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The History of Monopoly Then and Now

Monopoly’s History From Beginning to Present Time

Monopoly has been enjoyed for generations. Its history is rich with many interesting facts. Monopoly has slowly become a tradition among families and friends. The game itself was inspired by another game called “The Landlord’s Game” created by Elizabeth Magie in the United States back in 1902.

Monopoly’s history goes back one hundred years and there is no end in sight. The game shows the players the benefits of creating wealth by having total monopolization like many socialist countries do. Elizabeth Magie originally invented The Landlord’s Game to illustrate the negative effects monopolizing land can have on modern civilization.

Keep reading to learn more about the history of Monopoly throughout the decades.

The Landlord’s Game

It all began in 1903 when Lizzie Magie first presented The Landlord’s Game to the public. Unfortunately, no one took it seriously at that time. It was first patented by Magie, an American woman who wanted to show the world its benefits.

According to her, these benefits were also meant for the players of the game. She developed the game as a representation of capitalism, and how it can work to everyone’s advantage.

Unfortunately, her invention didn’t get the kind of attention she was hoping for. It wasn’t until decades later that it started getting noticed by people outside of her family and friends circle.

Patent and Public

It was only in 1906 when she started patenting her game and made several copies for her family so they can play together. Her design is similar to what Monopoly is known for today.

The goal of this game was to show players how they can become rich. However, it wasn’t long before she noticed that most players were trying to make their opponents go bankrupt.

Charles Darrow Claims Monopoly for Himself

Charles Darrow, who is known as the inventor of Monopoly, didn’t create it in 1934. Instead, he only created the look and feel that we are familiar with today. 

This includes adding colors, property names, and prices on the board, putting houses and hotels on them to make it more appealing to players, and the list goes on. Some of this was already patented by Magie in 1903. However, she never filed for a copyright on her entire game.

Around 1933 when Darrow decided to make his version of the game, he didn’t know that it existed. All he knew was that there were several kinds of real estate speculation board games out in the market.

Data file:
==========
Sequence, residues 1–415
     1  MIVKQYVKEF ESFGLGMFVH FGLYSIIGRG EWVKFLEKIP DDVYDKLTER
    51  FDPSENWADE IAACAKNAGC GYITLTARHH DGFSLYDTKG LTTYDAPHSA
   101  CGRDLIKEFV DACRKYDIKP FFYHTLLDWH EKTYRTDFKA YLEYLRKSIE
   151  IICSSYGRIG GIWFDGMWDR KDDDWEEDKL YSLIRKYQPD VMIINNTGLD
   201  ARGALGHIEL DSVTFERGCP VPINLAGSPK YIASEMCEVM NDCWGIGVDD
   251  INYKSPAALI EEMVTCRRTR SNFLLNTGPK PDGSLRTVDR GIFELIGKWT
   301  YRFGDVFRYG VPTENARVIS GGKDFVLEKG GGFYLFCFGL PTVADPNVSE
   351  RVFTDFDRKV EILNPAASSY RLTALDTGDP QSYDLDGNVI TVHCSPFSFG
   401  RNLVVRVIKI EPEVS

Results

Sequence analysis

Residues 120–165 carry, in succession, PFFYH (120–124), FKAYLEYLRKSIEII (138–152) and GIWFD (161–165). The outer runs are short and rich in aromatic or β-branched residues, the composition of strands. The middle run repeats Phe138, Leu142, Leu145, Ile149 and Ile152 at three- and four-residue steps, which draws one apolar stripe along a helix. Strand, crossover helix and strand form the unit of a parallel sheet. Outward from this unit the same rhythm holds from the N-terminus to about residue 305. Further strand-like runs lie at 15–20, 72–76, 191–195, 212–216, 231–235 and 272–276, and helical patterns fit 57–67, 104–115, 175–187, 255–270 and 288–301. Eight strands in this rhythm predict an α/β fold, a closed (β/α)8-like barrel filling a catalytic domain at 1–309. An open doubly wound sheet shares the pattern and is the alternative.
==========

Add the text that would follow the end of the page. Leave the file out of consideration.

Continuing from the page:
He did get support from Charles Todd who helped him get the game published under Parker Brothers. After getting a license from Todd, Darrow started to create Monopoly by making boards and pieces all by himself before presenting them to Parker Brothers. In 1935, the company published it under Darrow’s name.

1933: Monopoly Bought by Parker Brothers

In 1933, Parker Brothers bought the rights to “The Landlord Game” from Elizabeth Magie and Charles Darrow for a thousand dollars. They then made a deal where they would get all of her future royalties.

Magie was not pleased with this, but she decided to accept it. After all, she had already spent almost thirty years trying to convince the world that her game was useful in teaching people about capitalism. She also thought of Darrow as “a fine gentleman” so she wasn’t thinking of suing him for stealing her idea.

Changes Made by Parker Brothers

After buying the idea from Magie and Darrow, Parker Brothers started to make changes to the game. First, they decided not to include the detailed set of rules that Darrow created in favor of a simpler one. Next, they also changed some properties like putting Marvin Gardens on Baltic and Mediterranean Avenues instead of combining them into one property.

They even changed the name of properties and added colors to them, making sure that players know which set belongs to each group by adding numbers and symbols. The last change was the most significant: instead of basing the game’s goal on the wealth created through monopoly power, they turned it into a money-making business.

1935: First Generation of Monopoly

In 1935, Parker Brothers published the first generation of Monopoly. They sold it for around $2.50 each with a slight variation in price depending on where they were sold. The expensive one was when they released a version that has a box made of wood. It included metal tokens that cost more than $10 most likely because of their high quality.

Monopoly then started to gain some attention from players, particularly those who enjoyed games that involve real estate speculation. People began purchasing the game and putting their spin on it by changing rules and making up their cards.

In 1935, Parker Brothers also released Monopoly in the United Kingdom. However, they were only able to sell 5,000 copies since it was very expensive at that time. They later sold it for half of its price and even bought an ad in a newspaper just so they could inform people of how to buy it.